The Rev. Luke Powery urges the Class of 2015 to ‘sing the blues’
In his May 22 Baccalaureate address, the dean of Duke Chapel at Duke University offered the graduating class advice about transcending life’s unexpected events.
Life is complicated and full of surprises.
And regardless of a person’s education, job success or socio-economic status, there will be times when life’s sweet expectations turn into bitter disappointments. Rather than railing against plans gone awry, the Rev. Luke A. Powery, dean of Duke Chapel at Duke University, suggested dealing with it by “singing the blues.”
“This is why it is important for you to learn how to sing the blues as a spiritual response to life circumstances as you face a world with much tragedy and agony,” Powery said.
In his message aptly titled, “Singing the Blues,” delivered during Elon’s Baccalaureate service in Alumni Gymnasium Friday afternoon, Powery told the Class of 2015 that in addition to their field of study, he hoped they were leaving college with a better understanding of reality and God. He also hoped they knew how to express the blues.
“To sing the blues is to willingly inhabit the world of sound to interrogate life, and to tell the truth about it while transcending it in order not to be destroyed by it,” he said.
Ordained by the Progressive National Baptist Convention, Powery has served at churches in Switzerland, Canada and the United States. He serves as the secretary of the Academy of Homiletics and is a member of the American Academy of Religion and the Society for the Study of Black Religion. He is the recipient of numerous scholastic fellowships and awards, and, in 2008, was named one of “20 to Watch” by the African American Pulpit.
During the Baccalaureate service, a multi-faith ceremony held each year in honor of the graduating class, their families and the Elon community, Powery told those in attendance: “This is a day to sing and celebrate your accomplishments.”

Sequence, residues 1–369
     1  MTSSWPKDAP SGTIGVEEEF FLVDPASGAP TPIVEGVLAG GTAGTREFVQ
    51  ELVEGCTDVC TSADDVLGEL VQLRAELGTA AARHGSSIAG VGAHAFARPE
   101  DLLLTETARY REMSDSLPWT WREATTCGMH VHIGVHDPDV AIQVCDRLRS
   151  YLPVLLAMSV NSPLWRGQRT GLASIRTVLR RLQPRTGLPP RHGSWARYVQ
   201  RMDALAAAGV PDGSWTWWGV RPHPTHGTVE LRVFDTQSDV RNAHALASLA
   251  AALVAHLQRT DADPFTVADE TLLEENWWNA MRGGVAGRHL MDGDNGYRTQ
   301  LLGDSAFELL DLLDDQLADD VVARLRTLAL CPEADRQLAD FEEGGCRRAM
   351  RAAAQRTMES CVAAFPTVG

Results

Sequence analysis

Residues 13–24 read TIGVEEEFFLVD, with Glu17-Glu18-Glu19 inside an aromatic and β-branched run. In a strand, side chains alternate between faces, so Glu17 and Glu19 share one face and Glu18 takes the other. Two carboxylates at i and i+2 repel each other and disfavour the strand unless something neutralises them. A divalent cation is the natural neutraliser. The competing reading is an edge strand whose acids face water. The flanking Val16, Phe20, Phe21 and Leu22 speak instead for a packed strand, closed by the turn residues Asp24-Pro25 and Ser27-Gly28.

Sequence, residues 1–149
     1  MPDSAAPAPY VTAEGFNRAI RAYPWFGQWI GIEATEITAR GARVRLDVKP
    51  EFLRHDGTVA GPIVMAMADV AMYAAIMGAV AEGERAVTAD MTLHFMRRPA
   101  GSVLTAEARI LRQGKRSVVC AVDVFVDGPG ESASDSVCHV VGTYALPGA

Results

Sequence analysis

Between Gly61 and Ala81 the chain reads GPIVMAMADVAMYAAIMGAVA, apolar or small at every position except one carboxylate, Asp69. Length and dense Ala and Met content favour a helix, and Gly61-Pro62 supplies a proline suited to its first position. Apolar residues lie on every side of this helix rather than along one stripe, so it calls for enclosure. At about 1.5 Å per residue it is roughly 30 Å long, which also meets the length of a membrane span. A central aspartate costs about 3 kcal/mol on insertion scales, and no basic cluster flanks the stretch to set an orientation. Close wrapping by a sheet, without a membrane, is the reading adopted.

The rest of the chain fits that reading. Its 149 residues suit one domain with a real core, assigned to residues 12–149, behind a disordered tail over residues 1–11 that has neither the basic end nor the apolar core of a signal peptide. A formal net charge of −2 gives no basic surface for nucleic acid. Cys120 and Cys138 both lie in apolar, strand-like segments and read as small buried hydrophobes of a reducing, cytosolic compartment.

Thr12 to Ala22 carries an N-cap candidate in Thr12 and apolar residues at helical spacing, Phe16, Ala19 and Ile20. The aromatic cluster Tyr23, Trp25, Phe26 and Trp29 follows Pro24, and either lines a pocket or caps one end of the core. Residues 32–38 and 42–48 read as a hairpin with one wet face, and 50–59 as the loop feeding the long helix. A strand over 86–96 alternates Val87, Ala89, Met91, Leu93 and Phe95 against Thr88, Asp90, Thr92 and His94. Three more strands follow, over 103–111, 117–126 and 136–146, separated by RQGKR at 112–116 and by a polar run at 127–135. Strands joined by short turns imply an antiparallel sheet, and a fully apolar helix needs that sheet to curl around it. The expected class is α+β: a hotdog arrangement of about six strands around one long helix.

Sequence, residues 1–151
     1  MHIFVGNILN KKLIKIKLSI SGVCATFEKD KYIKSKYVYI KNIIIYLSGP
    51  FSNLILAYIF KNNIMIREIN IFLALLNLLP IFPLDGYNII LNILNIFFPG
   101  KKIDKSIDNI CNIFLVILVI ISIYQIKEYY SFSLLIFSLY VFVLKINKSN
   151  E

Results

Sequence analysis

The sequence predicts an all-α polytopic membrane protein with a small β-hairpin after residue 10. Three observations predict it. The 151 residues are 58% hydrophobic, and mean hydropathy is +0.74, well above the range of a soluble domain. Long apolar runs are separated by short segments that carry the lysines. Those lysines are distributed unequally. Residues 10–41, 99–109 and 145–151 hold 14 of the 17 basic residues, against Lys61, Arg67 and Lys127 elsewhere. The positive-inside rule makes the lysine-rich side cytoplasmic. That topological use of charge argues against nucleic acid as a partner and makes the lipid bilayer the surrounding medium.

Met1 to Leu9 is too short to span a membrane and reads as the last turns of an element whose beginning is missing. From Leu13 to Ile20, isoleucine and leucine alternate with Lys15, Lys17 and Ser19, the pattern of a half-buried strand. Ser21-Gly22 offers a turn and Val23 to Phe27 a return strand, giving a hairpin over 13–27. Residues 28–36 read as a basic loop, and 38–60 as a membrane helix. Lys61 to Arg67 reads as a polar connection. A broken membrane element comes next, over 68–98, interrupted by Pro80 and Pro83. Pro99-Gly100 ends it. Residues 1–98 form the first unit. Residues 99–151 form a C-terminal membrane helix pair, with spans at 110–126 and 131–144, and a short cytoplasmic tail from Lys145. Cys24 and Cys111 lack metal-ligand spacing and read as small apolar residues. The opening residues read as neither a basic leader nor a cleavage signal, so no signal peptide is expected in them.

But in the bulk of his message, which he delivered with much enthusiasm, Powery focused on ways to overcome life’s inevitable hardships. He even sang the blues.
Powery reminded the graduating class that beyond the “ivory tower world of ideas” is life, which includes suffering. He also understood that Commencement weekend was a time of endings and goodbyes, which would be bittersweet.
“So in the midst of this great weekend full of joy and dancing and laughter, we should remember as poet Langston Hughes wrote that the blues is a kind of ‘humor that laughs to keep from crying,’” he said. “The laughter expressed this weekend may actually be an expression of the blues.”
In his address, Powery spoke about the Hebrew prophet Isaiah. “I was expecting him to rain down doom and gloom because isn’t that what prophets do? But this prophet sings,” Powery said. “He hums. He chants a warm melody of a love song for his beloved, John Legend style. Isaiah surprises me. But what we expect is not always what we get.”
Initially, Isaiah is happy. He plants a vineyard on fertile ground and does everything he knows to do so the vines bear fruit, except that’s not what happens. “When I expected it to yield grapes, why did it yield wild grapes?” Isaiah asks. It’s a question that Powery suggested crosses everyone’s mind at some point in time.
The lesson Isaiah teaches is that life’s “spiritual pilgrimage is full of unmet expectations and surprises and disappointments.” One way to get through the hard patches in life, Powery said, is by singing the blues.
“When life bends you with heavy winds, the blues allow you to still sing and make melodies as a sign of life and resilience,” he said. “To sing means that one is willing to give oneself for life and refuses to be silenced. It is a prophetic calling and cry.”
Several members of the Class of 2015 participated in the Baccalaureate service through song, prayer and personal reflections.
“Now looking back over my four years here, I’ve discovered that the running theme that kept me going was love,” said Yasmine Arrington ’15. “Love brought me here. Love kept me here, and love is directing me toward my future.”
Before Powery spoke, University Chaplain Jan Fuller remembered Lauren Astley, a member of the Class of 2015 who was killed by her former boyfriend a month before she would have started her studies at Elon. Fuller recognized Astley’s parents, who attended the service, and spoke on their behalf.
“Lauren would want us to celebrate the beauty of your lives and the hope you represent for this world we share,” Fuller told members of the Class of 2015. “Let’s make a difference in Lauren’s honor. She would say to us now: keep on sparkling.”